48 HOURS A DAY - S01 E546

5 days ago

Read Story: SEASON 1 EPISODE 546

Who Are You?

Japan was going through troubled times, where peace and order were absent throughout the country. The choppy waters gave birth to many job opportunities, especially for the samurai. Because of the uncertainty of the country’s situation, the clans changed their ways, recruited troops, and bought horses, actively saving as much as they could as they awaited the future. It was still a far better period than the time after the Meiji Restoration when the Sword Abolishment Edict was issued. The move caused the samurai to lose their jobs overnight and their swords confiscated from them.

Especially for those who were very skillful, they had the luxury of choosing their employers, which was whoever offered the highest pay-Both shogunate and Tobaku supporters were all actively seeking manpower.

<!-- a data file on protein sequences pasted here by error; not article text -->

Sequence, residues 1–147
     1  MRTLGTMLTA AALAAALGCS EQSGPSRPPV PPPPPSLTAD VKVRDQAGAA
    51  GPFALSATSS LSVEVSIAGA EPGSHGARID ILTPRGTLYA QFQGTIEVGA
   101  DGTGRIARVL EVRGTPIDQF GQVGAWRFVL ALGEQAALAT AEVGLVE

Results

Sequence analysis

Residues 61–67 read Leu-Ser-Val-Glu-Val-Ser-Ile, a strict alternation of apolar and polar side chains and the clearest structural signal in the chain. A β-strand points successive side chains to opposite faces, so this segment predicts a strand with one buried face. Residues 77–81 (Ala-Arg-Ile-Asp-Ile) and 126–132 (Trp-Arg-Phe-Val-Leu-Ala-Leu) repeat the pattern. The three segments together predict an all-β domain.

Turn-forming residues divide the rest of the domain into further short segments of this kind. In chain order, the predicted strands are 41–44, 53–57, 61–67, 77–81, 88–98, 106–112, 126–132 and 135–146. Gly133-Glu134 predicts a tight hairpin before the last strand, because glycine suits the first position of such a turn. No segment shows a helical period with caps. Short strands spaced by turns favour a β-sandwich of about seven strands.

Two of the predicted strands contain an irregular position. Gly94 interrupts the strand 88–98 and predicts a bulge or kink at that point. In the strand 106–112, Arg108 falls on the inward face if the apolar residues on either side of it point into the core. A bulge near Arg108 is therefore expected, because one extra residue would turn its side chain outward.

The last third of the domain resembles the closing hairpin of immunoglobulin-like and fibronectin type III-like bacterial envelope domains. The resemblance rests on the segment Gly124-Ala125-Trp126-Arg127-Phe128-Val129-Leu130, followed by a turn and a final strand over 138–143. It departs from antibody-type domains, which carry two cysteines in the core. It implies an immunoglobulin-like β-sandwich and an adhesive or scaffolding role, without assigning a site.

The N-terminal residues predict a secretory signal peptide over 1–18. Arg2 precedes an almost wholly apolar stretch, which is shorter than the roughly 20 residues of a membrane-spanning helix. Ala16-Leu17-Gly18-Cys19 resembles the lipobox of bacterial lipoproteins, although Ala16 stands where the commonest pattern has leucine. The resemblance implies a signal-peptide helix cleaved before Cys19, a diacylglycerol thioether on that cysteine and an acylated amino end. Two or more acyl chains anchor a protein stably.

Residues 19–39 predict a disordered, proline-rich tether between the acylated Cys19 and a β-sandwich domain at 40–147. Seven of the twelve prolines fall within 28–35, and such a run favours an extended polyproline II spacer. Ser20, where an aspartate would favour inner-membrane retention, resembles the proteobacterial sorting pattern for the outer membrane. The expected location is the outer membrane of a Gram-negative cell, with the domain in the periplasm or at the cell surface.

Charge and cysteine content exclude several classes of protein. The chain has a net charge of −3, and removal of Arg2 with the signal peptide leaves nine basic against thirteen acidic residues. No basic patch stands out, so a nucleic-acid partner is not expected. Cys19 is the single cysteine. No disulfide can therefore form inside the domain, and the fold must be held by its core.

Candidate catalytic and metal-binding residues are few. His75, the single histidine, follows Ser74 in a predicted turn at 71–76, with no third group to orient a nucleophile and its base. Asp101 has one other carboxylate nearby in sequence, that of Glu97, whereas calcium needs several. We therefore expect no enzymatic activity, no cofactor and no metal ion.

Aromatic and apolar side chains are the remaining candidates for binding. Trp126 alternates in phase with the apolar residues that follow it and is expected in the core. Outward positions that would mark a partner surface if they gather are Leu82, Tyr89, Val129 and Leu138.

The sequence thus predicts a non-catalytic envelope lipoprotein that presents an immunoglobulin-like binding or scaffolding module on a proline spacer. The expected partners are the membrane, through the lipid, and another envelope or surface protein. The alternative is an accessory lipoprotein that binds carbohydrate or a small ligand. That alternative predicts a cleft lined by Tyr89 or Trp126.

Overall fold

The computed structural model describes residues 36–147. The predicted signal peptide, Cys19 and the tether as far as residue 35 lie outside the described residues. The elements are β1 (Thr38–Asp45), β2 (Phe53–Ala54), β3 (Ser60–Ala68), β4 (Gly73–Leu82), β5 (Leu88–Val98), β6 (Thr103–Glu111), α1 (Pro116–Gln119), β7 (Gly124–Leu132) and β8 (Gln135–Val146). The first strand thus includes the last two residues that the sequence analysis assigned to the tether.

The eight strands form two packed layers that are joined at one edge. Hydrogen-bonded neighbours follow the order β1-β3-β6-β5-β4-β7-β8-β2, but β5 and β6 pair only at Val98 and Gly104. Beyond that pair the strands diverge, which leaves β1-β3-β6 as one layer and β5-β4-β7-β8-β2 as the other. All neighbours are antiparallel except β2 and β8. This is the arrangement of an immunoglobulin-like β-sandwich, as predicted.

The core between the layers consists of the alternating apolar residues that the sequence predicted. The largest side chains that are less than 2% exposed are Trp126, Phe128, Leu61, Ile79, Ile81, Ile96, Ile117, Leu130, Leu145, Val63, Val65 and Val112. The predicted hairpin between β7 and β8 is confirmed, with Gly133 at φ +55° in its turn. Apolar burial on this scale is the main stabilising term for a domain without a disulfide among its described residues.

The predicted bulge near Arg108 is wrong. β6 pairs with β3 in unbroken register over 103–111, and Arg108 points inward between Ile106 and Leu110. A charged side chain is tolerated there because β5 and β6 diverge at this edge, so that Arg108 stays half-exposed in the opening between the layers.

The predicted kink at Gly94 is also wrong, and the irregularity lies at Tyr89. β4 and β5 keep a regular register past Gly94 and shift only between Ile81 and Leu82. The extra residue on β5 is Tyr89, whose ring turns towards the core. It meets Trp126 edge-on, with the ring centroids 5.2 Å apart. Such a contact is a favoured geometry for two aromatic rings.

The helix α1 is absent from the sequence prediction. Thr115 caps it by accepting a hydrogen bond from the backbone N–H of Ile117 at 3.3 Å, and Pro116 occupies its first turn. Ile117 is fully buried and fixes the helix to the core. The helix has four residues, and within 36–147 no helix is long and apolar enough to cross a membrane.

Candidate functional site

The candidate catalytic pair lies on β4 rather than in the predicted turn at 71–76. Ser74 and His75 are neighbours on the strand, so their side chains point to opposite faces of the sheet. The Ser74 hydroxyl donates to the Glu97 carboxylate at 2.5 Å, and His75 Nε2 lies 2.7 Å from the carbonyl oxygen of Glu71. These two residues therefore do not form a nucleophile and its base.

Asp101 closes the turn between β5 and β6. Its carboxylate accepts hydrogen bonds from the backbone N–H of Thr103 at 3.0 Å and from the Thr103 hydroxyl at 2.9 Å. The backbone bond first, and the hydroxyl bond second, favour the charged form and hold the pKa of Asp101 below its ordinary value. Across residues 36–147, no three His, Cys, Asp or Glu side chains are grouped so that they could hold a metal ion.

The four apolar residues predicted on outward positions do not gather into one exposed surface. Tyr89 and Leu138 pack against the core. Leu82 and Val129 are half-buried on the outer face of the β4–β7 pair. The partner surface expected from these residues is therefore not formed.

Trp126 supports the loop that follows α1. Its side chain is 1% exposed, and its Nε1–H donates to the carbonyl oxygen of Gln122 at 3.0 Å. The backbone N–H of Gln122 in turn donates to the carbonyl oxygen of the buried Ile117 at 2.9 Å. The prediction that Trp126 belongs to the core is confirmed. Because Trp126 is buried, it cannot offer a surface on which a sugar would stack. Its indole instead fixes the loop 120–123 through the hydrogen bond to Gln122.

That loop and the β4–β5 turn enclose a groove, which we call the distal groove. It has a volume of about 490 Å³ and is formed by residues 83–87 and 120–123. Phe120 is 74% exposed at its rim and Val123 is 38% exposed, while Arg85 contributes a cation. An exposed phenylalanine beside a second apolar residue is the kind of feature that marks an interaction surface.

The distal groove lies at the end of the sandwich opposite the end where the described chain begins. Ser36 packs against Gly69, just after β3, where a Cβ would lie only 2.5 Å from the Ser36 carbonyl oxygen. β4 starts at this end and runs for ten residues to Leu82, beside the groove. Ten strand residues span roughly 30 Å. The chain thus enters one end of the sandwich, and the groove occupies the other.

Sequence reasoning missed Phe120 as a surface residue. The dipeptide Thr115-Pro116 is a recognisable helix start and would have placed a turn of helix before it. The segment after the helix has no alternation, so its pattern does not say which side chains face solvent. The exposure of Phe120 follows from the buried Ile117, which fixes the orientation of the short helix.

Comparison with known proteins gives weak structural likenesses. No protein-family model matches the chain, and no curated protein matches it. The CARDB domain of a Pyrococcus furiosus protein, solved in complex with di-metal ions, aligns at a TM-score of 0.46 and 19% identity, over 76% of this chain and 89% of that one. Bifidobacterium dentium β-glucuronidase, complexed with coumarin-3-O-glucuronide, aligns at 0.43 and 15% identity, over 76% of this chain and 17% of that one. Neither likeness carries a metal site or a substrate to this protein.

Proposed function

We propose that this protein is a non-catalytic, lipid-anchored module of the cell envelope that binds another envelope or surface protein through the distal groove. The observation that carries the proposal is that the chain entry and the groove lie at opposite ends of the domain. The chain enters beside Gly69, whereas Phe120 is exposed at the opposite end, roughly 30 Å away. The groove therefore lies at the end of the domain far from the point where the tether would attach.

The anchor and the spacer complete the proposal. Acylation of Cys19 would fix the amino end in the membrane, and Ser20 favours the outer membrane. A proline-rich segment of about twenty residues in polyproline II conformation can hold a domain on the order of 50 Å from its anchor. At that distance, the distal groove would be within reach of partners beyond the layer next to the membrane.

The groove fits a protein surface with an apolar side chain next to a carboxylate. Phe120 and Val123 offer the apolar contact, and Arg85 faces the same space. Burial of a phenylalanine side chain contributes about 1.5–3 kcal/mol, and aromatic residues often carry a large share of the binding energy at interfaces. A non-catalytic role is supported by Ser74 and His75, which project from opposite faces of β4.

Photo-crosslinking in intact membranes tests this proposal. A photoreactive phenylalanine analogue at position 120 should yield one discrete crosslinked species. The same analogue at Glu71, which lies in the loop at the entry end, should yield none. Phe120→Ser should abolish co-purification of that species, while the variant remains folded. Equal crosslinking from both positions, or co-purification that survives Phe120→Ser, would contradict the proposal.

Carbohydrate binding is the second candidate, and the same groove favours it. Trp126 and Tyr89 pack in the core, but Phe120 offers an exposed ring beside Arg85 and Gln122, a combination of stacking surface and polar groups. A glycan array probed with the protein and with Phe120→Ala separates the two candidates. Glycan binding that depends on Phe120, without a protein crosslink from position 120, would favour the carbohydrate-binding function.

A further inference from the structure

Zhang Heng, however, wasn’t interested in going down that path. Once he joined a particular establishment, food and clothing wouldn’t be a problem, but for that, he would have to give up his freedom. This era strongly emphasized Kashindan’s* absolute obedience to their landlords. If he was assigned a task, he was unwilling to do, he could never refuse. If he did, he would be sent to the frontlines.

Zhang Heng’s other mission objective for this quest was to find a sword that suited him and could challenge a skilled samurai. It would be an excellent opportunity to break through his sword skills. So, be it the Tokugawa Shogunate or Satsuma Domain, he didn’t want to get tied up to either side. For now, the best course of action was to play by ear.

In fact, he did not have to solely rely on his samurai status to make a living. Many foreign merchants in Kyoto now, and Zhang Heng had mastered quite a number of foreign languages. In any given period, translators were always a scarce resource. He could make money doing translations for foreign merchants, and it also would not hurt that he would be able to travel around Kyoto for free.